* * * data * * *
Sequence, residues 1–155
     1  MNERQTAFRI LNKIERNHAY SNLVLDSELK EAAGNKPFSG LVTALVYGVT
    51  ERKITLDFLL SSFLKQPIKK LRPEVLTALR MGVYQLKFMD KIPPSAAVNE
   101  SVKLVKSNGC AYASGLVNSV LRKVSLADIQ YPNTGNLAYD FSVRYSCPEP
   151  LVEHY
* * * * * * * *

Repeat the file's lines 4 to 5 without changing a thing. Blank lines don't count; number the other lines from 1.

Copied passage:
   101  SVKLVKSNGC AYASGLVNSV LRKVSLADIQ YPNTGNLAYD FSVRYSCPEP
   151  LVEHY